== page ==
Bernard Suskind, a 93-year-old Atlantic Beach resident, recalls the date, Nov. 10, 1938, as though it were yesterday. It was the day his life changed forever. Bernard and his father, Alfred, were taken from their hometown of Furstenau, in northern Germany, to Buchenwald, one of the Nazi concentration camps.
They left behind his mother, Sophie, and sister, Adele. While there, father and son were crammed into barracks with 2,000 other men. They were beaten, and given little food or water.
Suskind recounts his story in a book he self-published this year, titled “We Were Fair Game.” The book was originally written in German and published in Germany last year. Its title refers to the treatment of Jews in Germany during Hitler’s regime.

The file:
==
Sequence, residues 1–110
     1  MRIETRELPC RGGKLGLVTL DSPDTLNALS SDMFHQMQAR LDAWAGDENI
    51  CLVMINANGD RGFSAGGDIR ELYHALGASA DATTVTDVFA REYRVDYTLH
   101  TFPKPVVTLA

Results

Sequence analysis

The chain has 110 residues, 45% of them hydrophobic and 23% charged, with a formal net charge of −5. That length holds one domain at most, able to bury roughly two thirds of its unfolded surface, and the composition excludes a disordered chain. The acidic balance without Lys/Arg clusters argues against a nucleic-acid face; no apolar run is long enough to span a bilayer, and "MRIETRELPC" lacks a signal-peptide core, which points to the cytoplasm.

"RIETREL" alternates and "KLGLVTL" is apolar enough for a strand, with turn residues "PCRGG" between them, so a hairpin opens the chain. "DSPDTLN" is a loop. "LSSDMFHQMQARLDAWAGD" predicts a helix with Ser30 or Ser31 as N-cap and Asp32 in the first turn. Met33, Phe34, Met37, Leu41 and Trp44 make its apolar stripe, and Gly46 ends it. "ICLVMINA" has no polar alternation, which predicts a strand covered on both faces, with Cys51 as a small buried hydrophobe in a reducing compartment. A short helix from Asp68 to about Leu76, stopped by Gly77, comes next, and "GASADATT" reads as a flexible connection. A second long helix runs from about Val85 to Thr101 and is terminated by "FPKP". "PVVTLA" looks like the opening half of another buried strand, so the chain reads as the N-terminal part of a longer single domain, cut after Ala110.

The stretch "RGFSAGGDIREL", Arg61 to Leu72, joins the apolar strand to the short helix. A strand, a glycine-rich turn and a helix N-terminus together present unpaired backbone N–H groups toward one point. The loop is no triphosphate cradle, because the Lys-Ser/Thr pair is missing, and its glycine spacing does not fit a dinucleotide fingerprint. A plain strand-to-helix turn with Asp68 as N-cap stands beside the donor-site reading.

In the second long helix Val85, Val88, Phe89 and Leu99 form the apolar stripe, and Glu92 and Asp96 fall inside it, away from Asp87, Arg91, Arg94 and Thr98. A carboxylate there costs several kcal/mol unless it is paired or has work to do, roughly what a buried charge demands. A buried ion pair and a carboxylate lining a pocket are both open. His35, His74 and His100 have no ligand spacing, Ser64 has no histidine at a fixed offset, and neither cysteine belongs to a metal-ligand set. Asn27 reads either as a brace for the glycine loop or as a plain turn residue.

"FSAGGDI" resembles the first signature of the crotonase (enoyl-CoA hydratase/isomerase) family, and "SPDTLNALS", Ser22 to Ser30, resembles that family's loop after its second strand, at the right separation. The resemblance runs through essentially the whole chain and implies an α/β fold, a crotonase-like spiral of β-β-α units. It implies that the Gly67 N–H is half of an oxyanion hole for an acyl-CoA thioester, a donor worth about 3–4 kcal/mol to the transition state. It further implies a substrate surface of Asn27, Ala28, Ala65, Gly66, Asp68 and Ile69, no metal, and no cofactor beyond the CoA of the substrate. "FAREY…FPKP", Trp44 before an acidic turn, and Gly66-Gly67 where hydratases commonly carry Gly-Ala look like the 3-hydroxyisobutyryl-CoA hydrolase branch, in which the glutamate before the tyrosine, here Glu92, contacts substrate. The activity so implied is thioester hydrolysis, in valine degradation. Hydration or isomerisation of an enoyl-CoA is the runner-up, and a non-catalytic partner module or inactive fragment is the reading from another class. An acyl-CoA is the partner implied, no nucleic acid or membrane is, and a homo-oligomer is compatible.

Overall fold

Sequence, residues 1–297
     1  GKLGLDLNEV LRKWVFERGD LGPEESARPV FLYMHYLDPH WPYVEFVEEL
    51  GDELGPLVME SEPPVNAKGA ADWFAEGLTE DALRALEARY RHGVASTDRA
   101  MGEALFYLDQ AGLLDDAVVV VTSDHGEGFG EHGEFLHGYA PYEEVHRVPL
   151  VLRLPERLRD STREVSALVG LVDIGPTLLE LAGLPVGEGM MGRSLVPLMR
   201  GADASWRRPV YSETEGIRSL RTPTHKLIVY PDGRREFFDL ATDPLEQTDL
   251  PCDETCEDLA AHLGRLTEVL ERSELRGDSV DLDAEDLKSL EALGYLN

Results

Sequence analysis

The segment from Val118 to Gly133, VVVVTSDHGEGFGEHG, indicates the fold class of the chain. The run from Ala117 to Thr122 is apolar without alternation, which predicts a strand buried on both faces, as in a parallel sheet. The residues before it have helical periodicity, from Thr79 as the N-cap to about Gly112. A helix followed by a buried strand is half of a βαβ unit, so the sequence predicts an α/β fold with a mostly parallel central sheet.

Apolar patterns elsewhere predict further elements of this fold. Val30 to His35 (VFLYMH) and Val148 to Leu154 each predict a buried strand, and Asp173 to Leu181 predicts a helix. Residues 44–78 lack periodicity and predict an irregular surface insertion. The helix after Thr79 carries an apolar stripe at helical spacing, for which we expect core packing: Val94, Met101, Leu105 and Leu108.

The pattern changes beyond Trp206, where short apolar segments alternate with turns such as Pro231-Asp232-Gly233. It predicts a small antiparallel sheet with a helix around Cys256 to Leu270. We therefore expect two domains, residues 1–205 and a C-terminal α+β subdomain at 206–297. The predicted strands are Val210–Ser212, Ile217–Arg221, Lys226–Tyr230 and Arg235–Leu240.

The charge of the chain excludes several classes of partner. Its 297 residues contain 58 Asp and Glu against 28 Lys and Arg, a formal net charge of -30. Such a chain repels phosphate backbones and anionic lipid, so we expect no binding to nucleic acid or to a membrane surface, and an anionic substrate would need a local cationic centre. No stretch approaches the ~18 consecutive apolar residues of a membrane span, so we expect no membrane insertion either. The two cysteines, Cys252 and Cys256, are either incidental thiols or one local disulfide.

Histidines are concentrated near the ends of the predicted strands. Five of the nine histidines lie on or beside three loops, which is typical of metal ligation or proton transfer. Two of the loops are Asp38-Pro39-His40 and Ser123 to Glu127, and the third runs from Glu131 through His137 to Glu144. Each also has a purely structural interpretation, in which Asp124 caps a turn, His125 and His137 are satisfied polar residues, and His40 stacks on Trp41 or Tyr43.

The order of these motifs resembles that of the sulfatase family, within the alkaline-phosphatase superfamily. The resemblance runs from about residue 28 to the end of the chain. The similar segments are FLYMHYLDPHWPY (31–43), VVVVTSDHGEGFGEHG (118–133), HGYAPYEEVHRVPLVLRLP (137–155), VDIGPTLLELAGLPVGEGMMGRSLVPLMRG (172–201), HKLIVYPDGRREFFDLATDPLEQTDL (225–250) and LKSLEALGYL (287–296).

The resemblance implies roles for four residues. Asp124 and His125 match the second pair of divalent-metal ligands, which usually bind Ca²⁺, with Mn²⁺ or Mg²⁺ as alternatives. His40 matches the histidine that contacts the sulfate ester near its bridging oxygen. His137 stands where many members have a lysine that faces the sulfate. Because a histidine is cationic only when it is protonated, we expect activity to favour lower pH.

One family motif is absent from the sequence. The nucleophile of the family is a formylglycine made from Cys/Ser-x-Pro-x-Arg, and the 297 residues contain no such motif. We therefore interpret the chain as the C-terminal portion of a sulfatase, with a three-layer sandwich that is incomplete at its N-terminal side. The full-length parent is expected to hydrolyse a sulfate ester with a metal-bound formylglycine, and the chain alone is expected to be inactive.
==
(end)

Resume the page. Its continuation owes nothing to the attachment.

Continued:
At Buchenwald there was a separate camp for German political refugees, who received somewhat better treatment, Suskind recalled. It was cold, and he had only shorts and a T-shirt to wear. The political prisoners gave him warmer clothes.
“Here they got plenty of goods which had been sent by relatives of the prisoners but were never distributed,” he said. “They provided me with this clothing because they didn’t want me to freeze to death. And they said, ‘If you get released, tell the world that there are still some good Germans around.’ They brought me back to my barrack in a garbage container. These warm clothes saved my life at Buchenwald.”
Through an official process, Sophia applied for her husband’s and son’s releases, and they were granted. Alfred was freed in late December 1938, and Bernard a few weeks later. Alfred, Sophie and Adele were lucky enough to make it the U.S. in 1939. After being in Sweden and dealing with an expired visa, Bernard joined them later that year.